Welcome to Laurence Vick's website covering a wide range of medico-legal topics and random music, sport and other stuff that will hopefully be of interest.
Laurence, now a Consultant Solicitor following his retirement from practice in January 2020, has over 30 years experience of clinical negligence litigation having represented claimants and their families in many high profile cases involving a wide range of medical and surgical procedures.
An active patient safety advocate, Laurence has been a central figure in children’s heart surgery litigation after representing the families affected by the Bristol cardiac scandal of the 1990s and failings at other cardiac units across the country over the years since. He was joint lead solicitor to the 300 families at the Bristol Royal Infirmary Public Inquiry which led to the Kennedy Report of 2001. This report, with close to 200 recommendations, promised to herald a sea-change in clinical accountability and audit, the evaluation and organisation of specialist NHS services on a national level and an end to the 'club culture' in the NHS. Last but not least, it was hoped that the Kennedy recommendations would lead to full and effective protection for patient-safety whistleblowers..
Described in legal directories as the ‘go-to lawyer' for complex cardiac and cardiology cases and in the current 2020 Legal 500 as a Leading Individual in the South West region, following his retirement from practice Laurence was proud to have been made an Honorary member of the panel of the leading patient safety and justice charity AvMA (Action for Victims of Medical Accidents).
Following his involvement in the Bristol heart surgery Public Inquiry and the related brain damage and other severe injury cases, the number of major scandals over the intervening years in spite of the proliferation of Inquiries remains a major concern and inevitably raises the question: a generation later, have the lessons of Bristol been learned? He has written widely on this issue and on the lack of protection afforded to patient-safety whistleblowers, as well as the duty of candour and consent, and on the availability of readily understandable outcome data from individual units to enable patients to make informed choices about their treatment.
Laurence is a regular contributor to the debate over the wider problems facing an increasingly fragmented public-private health service. The safety, transparency and indemnity implications of NHS outsourcing to the private sector and the adequacy of oversight and monitoring are key interests.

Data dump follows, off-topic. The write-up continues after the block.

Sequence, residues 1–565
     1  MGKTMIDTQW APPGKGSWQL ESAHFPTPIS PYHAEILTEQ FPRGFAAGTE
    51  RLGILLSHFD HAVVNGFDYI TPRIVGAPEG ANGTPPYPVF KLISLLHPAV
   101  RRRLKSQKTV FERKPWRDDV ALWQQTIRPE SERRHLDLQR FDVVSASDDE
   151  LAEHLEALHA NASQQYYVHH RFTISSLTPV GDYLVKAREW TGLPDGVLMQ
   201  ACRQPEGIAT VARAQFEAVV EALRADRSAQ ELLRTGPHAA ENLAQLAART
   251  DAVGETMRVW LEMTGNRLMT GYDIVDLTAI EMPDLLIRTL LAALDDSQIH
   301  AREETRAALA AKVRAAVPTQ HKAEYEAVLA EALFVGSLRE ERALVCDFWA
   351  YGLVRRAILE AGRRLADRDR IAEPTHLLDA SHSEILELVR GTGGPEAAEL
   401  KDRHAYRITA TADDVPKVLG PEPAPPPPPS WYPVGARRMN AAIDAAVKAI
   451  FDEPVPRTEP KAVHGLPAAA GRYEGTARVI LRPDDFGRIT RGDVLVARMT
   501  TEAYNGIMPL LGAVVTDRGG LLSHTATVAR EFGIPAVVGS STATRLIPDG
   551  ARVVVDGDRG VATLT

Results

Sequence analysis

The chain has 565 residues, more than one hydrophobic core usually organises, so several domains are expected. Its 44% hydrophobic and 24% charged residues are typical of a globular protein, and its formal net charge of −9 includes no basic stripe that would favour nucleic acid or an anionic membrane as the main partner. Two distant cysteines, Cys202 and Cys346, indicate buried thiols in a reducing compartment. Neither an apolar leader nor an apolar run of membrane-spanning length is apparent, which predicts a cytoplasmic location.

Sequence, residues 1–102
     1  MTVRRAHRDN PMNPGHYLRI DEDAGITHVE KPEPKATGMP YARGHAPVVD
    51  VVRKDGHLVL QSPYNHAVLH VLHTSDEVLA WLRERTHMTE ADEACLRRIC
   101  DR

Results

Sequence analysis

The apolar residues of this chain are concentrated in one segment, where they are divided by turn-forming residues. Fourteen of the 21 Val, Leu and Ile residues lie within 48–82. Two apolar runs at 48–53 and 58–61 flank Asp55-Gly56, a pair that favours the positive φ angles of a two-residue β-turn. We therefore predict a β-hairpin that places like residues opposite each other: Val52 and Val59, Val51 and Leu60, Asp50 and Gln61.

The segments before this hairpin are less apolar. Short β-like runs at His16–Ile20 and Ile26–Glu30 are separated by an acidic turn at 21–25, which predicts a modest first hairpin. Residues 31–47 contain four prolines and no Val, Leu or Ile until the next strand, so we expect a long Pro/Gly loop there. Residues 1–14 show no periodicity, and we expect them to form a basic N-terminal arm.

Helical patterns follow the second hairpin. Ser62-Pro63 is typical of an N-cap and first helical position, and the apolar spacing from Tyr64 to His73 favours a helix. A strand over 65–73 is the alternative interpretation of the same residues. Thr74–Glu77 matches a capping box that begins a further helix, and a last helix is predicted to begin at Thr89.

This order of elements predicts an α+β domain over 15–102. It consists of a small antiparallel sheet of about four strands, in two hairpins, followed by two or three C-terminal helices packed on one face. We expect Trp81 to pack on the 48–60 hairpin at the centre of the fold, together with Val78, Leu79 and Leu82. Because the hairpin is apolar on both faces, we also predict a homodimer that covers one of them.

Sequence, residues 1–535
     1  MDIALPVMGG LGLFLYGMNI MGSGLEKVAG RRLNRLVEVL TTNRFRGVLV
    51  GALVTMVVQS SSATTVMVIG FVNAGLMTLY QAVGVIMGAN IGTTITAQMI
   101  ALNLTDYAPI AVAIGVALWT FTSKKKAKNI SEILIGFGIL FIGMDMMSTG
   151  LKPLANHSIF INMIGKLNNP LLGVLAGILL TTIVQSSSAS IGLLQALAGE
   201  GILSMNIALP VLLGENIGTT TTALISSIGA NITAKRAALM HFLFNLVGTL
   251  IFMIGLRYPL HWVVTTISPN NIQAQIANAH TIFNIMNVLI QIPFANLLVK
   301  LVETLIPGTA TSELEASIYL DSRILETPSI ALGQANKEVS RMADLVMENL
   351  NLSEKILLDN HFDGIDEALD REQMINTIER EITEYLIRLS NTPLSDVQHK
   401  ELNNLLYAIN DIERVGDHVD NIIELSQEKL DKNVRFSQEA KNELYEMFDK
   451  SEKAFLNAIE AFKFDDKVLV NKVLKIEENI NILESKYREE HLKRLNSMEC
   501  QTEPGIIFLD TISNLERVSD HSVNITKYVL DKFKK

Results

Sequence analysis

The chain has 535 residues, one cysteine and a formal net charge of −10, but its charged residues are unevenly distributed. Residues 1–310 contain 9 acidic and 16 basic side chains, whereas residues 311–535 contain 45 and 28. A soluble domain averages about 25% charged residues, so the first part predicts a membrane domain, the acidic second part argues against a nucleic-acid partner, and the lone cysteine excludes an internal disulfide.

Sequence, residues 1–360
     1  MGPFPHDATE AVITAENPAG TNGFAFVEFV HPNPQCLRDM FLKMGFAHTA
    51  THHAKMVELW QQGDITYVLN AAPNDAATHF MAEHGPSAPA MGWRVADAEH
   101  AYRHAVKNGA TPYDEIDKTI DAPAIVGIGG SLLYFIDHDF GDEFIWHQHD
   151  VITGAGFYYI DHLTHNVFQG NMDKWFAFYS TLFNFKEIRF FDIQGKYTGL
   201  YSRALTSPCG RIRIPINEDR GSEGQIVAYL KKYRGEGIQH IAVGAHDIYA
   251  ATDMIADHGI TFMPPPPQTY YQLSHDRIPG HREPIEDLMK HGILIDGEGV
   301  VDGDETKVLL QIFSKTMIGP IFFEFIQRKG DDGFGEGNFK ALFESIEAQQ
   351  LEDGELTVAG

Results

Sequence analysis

Laurence maintains an interest in the development and implications of clinical guidelines. He has also published articles on treatment disparities and the failure to diagnose and the misdiagnosis of women's heart symptoms and the need to expand research and the development of gender-based guidelines.
Laurence follows developments in sports cardiology and research into other medico-legal issues emerging in the world of sport including the duty of care owed by football and other sports clubs and their doctors to their players. He has also published articles and advised two government-funded university research projects on safety issues concerning medical tourism.
My article in the April 2021 Specialist Info Medico Legal magazine commenting on the HSIB review into safety concerns surrounding nasogastric tube placement, Never Events and clinical guidelines some practitioners found “too long to read” Placement of nasogastric feeding tubes and the “too long to read” clinical guidelines- Part 1.pdfRead More
Part 2 of my Lessons Learned from Bristol and the 2001 Kennedy report published in the April 2021 Specialist Info Medico Legal magazine https://www.avma.org.uk/wp-content/uploads/Lawyers-Service-Newsletter-JUNE-Lawrence-Vick-Part-2-1.pdfRead More
My article (1 of 2) published in the AvMA March 2020 Lawyers Service newsletter Lawyers-Service-Newsletter-MARCH-2020-Laurence-Vick-Article-Part-1 (click link above)Read More
My article published in the AvMA Medical & Legal Journal 2012:18:106-109 – my contribution to the NIHR study into the implications for the NHS of inward and outward medical tourism Appendix_17 (5)Read More